I wanted to create an ornamental/sculptural light feature utilising almost nothing but the materials already found within the broken screen. I was keen to use the different films, with their unique properties, especially such as the polarising film and ideally the LCD. My aim was to take something broken from the Remakery, which many might have at home, abandoned and unused, in order to make something completely new.  

My aim was to make something which didn’t look like some hacked piece of up cycling, but something entirely unique.

After experimenting with the materials, I decided to use the clear plastic sheet, along with the polarising film and opaque film to create a lamp. These were the most accessible to the user and had very appealing aesthetic qualities. The form was chosen for it’s simplicity and the ability to procure them all from a single sheet of plastic. The shape is also reminiscent to a shard of broken glass – a nod to it’s previous form, and also because of the similarity to a diamond when the light plays on the polarising film.

A key feature of the design is the ability to make it easily at home – the main stipulation for the simplicity of the design. Therefore I created an Instructable which talks you through step by step. A minimal amount of tools are needed, mostly just a scalpel, glue and pliers. The electronics will be trickier; requiring a degree of knowhow, however I’ve suggested an alternative, at the risk of the user, which doesn’t require as much tinkering and investigation.


The Instructable can be found at the following address:

New Making

Cactus Fever

Hybrid Materialities

Starting with hybrid materialities, I was really interested in the idea of combining old and new techniques to create something a bit different. I explored the idea of laser cutting a surface of wood onto which I could then embroider patterns. I looked at making an object, originally starting off with the idea of a lampshade and then moving onto more of a plant pot, where I could combine a number of embroidered wooden panels.

I created two plant pots as shown. The first with finger joints was done by adding one at a time as I stitched along the top end and then the bottom, to then fill it with a simple pattern or rings around it or red and white. Using the stitches along with the finger joints when fitted correctly, ended up creating a surprisingly strong piece.

The second pot was done by individually embroidering a pattern on each panel to then be joined at the end. Due to an error, only seven panels of the octagon were printed, so I decided to make a feature oft the missing one by adding a touch of the more traditional with a more complex embroidery with hand drilled holes. Although initially meant to be glued together, the panels were again stitched to one another with a contrasting purple to make a feature of the joints.Again, the design proved to be much sturdier than initially expected, demonstrating the value of more traditional craft methods in combination with new techniques.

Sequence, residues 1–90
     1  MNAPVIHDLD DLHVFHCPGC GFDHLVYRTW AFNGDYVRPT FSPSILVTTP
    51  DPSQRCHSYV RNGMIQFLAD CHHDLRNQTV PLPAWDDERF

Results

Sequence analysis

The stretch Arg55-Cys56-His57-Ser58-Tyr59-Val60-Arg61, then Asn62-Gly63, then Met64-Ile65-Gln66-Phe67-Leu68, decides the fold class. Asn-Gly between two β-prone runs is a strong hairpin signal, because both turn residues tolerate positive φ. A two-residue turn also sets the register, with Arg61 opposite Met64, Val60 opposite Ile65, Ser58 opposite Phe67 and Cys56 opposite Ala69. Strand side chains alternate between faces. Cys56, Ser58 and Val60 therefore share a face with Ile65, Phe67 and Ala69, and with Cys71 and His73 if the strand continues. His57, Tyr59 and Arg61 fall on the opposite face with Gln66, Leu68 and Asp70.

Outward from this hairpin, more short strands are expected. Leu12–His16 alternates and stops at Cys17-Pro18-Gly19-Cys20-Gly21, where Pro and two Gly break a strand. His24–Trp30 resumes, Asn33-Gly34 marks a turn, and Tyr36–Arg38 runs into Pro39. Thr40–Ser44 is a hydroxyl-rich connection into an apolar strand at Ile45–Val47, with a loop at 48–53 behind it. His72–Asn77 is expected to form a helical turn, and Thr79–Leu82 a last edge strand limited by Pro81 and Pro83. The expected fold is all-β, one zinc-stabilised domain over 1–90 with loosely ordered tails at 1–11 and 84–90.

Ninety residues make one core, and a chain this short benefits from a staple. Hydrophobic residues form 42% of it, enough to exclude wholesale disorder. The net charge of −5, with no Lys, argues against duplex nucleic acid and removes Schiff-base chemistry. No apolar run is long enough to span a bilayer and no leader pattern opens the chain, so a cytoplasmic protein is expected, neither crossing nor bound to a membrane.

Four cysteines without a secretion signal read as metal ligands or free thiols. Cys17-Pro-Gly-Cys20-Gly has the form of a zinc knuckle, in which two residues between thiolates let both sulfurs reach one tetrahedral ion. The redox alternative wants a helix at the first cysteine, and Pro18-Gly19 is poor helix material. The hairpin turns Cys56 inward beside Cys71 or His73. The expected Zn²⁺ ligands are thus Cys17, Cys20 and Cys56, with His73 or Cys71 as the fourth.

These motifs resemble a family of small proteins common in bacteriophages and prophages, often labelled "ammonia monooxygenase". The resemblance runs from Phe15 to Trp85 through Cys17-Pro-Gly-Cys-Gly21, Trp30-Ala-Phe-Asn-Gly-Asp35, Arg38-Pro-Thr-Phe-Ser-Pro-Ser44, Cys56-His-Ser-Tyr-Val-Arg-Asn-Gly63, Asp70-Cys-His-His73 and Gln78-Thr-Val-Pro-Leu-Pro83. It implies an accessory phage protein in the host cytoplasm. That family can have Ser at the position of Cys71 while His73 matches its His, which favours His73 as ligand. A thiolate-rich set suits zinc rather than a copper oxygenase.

Scaffolding glitches

Inspired by the pots done previously, I wanted to make some cacti. This project looked at use of Gcode, support structures and glitches, where I was inspired by the work of Emerging Objects and their Gcode.clay where they use a series of controlled errors to create intricate interesting forms.

I wanted to print a cactus and its spikes with support and without, so the intention would be to have the unsupported spikes droop and create something new.

Unfortunately as can be seen the spikes were designed far too short, so support structure wasn’t actually needed, however an error occurred anyway with the second print, leading it to be unfinished with a mess of extruded filament on top – an error very akin to a cactus with a flower on top. However, I tried another design which required more scaffolding, with the succulent as shown.


Parametric design

Using computational design in order to create design families by altering dimensions through a set of generative parameters. Again carrying on the theme explored so far, I looked at creating a base cactus that could be altered to create a family of them – squatter, thinner, spikier, longer spikes, etc. Allowing a decorative series to be created from a single initial setup.

Using Solidworks and design tables, I initially tried to alter dimensions of a complex cactus design, however the resulting iterations didn’t show much change in the design. So I took it back to basics by working with lofted rectilinear shapes and by applying alterations to certain features at a time I gained a far better understanding of how the design tables worked. Slowly, through experimentation I moved back to creating cacti, the end result being quite successful, albeit without any thorns.